Here you'll find no answers to questions about how to make money, about
how to manage money, or about how to spend money. Regarding the latter,
very few people have questions anyway. Rather, this is a cold,
dispassionate look at how we are about money and how we are around
money, whether you have too little,
or just the right amount.
It's said it's better to have money than not to have money. And because
of the way the world is set up, that's probably true. Yet if you
examine this assertion closely, you may notice there's not as much
freedom, creativity, and spontaneity in it as there may first appear to
We want more. Just as the bee wants pollen, so the
wants more. Wanting more money may not be a choice based in freedom.
We're literally crazy about acquiring more and having more. There's
with this. It's how we're thrown to be as human beings. Don't accept
this because I said so. Examine it for yourself and see if it's true.
Regardless of what shows up when you examine how this is for you, I
assert wanting more and examining wanting more presents a whole new
vista against which to observe our relationship with money than wanting
more and not examining wanting more.
We know money won't fulfill us. If it did, there'd be no unfulfilled
rich people. You and I would be happy when we had money in the bank.
Tell the truth: are you happier then? That's not a trivial question.
I'm asking you if having money in the bank ever transformed an
experience of being unfulfilled into an experienced of being fulfilled,
deeply satisfied, and happy in a way that reached out, impacted, and
really made a difference in the transformation of the lives of your
families and of your friends and of the world at large. I mean, did it
I've traveled through some of the poorest countries on
I've lived in the
I've explored, lived in, and worked in
the Amazon jungle.
The Amazon natives
are, of course, human beings like you and I, yet they've never seen a
newspaper, they've never tasted Pepsi Cola, they've never bought (or
sold) mutual funds, and they've never scanned the printout from an
And yet their glow, their integrity, and their deep, deep fulfillment
and joy of simply being alive belies the fact they've got no money.
It's disconcerting, actually, to get having money and all the time and
effort we put into getting money doesn't necessarily fulfill us. It's
even more disconcerting for me, a westerner with many of my values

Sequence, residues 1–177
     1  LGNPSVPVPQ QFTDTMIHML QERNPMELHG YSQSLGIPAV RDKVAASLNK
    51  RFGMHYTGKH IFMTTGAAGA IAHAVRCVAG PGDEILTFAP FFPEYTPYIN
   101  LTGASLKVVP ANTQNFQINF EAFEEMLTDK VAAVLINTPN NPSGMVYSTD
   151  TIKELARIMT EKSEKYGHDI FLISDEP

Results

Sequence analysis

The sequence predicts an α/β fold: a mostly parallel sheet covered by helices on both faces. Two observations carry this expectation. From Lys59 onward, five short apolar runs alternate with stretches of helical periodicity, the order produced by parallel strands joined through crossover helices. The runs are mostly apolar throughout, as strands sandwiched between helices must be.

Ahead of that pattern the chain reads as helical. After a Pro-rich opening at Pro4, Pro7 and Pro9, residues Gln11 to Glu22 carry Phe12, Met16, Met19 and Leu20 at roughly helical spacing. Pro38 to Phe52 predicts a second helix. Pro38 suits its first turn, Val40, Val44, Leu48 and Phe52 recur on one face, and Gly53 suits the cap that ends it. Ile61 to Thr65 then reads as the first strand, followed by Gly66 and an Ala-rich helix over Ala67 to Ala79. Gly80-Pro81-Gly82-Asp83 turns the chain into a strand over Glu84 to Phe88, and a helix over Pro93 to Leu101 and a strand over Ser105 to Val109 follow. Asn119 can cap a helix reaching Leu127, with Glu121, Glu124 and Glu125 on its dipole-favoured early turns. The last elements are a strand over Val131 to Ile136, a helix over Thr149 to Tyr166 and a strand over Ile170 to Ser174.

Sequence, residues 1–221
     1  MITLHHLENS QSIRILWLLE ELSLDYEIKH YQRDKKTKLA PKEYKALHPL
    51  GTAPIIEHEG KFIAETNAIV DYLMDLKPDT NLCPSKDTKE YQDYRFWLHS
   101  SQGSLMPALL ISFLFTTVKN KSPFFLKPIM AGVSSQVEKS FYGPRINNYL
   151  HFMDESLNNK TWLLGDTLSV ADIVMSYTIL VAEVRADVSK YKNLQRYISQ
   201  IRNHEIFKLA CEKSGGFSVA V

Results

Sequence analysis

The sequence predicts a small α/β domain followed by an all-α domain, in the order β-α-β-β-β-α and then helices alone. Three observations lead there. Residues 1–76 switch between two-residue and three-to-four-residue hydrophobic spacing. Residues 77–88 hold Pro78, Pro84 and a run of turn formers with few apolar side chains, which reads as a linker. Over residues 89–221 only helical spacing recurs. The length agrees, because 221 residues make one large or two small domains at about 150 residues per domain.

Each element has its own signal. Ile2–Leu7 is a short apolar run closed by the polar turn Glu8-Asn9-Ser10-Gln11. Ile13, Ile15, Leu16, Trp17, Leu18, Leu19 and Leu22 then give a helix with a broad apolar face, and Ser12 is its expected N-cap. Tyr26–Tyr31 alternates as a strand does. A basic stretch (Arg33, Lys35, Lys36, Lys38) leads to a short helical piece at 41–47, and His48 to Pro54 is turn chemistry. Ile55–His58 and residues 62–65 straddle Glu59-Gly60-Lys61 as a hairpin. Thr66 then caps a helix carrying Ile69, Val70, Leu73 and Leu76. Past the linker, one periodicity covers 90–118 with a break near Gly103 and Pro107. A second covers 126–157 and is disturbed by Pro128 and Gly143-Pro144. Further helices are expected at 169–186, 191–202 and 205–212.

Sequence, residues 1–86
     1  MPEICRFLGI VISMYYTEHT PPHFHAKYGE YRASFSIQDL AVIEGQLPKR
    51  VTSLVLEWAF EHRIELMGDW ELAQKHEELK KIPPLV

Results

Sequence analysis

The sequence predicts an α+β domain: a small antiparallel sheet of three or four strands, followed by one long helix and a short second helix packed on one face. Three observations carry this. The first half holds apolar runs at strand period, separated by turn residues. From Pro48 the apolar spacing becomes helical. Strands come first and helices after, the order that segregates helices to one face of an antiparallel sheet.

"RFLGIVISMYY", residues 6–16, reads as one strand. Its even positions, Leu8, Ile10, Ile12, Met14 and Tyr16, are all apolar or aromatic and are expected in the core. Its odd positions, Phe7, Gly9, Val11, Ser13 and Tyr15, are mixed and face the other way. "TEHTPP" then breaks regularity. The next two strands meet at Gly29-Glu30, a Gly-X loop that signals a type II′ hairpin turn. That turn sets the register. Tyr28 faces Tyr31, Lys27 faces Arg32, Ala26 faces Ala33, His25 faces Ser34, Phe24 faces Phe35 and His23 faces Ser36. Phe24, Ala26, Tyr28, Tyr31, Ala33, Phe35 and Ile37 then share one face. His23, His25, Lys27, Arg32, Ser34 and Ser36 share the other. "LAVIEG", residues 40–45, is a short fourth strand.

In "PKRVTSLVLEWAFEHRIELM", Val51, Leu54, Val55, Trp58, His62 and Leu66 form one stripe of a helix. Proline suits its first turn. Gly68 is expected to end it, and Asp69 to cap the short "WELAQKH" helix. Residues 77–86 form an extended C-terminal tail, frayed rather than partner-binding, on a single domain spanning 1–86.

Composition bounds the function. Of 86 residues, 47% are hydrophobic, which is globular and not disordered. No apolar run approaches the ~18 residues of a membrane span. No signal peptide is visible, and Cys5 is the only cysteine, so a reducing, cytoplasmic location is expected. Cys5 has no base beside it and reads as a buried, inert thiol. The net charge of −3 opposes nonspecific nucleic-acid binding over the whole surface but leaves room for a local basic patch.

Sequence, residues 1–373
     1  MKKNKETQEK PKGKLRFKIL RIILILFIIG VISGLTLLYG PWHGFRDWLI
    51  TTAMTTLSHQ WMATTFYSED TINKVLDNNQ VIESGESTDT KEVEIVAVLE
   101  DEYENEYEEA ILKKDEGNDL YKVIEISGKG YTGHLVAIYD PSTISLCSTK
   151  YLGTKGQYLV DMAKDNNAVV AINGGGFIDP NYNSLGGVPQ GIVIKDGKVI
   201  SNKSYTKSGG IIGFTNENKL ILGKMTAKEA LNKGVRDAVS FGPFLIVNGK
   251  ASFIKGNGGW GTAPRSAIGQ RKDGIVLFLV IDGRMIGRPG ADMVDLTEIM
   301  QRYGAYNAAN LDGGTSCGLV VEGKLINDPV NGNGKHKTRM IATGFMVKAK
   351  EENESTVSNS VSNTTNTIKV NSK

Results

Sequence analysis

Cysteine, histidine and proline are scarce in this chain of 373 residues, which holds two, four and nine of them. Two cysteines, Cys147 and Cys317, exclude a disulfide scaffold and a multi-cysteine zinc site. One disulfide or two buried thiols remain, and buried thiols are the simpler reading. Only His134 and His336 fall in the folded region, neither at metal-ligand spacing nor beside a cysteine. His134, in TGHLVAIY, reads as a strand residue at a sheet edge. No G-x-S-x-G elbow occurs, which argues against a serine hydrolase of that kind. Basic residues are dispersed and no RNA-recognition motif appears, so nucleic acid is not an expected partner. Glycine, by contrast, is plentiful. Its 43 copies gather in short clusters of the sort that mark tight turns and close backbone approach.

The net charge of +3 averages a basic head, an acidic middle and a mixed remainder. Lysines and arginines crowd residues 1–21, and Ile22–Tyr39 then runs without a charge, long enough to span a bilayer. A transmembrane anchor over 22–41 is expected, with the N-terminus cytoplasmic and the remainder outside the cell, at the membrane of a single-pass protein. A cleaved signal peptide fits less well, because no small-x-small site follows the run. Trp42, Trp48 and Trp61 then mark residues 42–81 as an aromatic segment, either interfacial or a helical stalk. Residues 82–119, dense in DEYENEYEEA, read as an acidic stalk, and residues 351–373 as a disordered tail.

tangled up in money, to notice
the Amazon natives,
having no money, aren't unfulfilled.
Banks have money. Banks have lots and lots of money. I
believed banks were independently wealthy until one day Werner pointed
out to me banks owe other banks enormous sums of money.
The Federal Government of the United States has lots of money. The
Federal Government of the United States has an enormous amount of
money. Yet the amount of money the Federal Government of the United
States owes is a sum so
and so staggering that we can almost not comprehend how
it actually is, so we prefer to not think about it at all. What it says
about the entire system in which money occurs is almost unconfrontable.
I notice from time to time I stop distinguishing between who I really
am and how much money I have - or I don't have. I may feel worse when
I've got less money and I may feel better when I've got more money. I
notice how my
renders me prone to forget who I really am from time to time, and every
time I forget who I really am, the simple joy of just being alive
eludes me. Being alive is then no longer sufficient, and I become
convinced one of the reasons I'm not fulfilled is because I don't have
enough money, never mind the fact that what's pocket change for me
would make a beggar in
think I have croesan wealth.
Well ... how much is enough? Contributing to life and
making a difference are distinctions which may - or may not - exist in
the same domain as wealth. It's nice if they do (we all know that) but
they don't have to.
It's in recreating the distinction who we really are that
the fulfillment and joy of living is re-invigorated. Making more money
and having more money, while attractive, doesn't guarantee it
happening. Neither does making no money or having no money (as in the
the Amazon natives)
preclude happiness. It's very, very clear to me when being around
the Amazon natives
or being around monks and nuns or anyone who has taken vows of poverty
that fulfillment and joy don't require money. They may show up around
money. And they may not. They don't have to. They're distinct, and I
assert if you don't get this or you're unwilling to consider it as a
possibility, then you're being
* * *
Throughout this inquiry I see again and again
who I am
is not my bank balance.
who I am
and my bank balance is my bank balance. To get along in the world as
it's set up today, I'm obligated as a matter of responsibility to
manage my bank balance, as well as to make up new ways to replenish it.
I'm equally obligated as a matter of responsibility to distinguish
ongoingly between money (and my feelings for it and my reactions to it
and my conversations about it) and who I really am.
You'll forget who you really are from time to time. As soon as you
realize you've forgotten who you really are, you get it again. As soon
as you get that you don't get it, you got it again.
You can do that with yourSelf, but you can't do that with money. In
making the distinction clear between the two, space is created to move
forward with both. To be sure, money is a prize in this game called
Life. And while the old adage tells us it's better to have money than
not to have money, your creation of your experience of your own
completion and your own fulfillment is your responsibility and your
responsibility alone. It's distinct from, prior to, and doesn't depend
on or require money.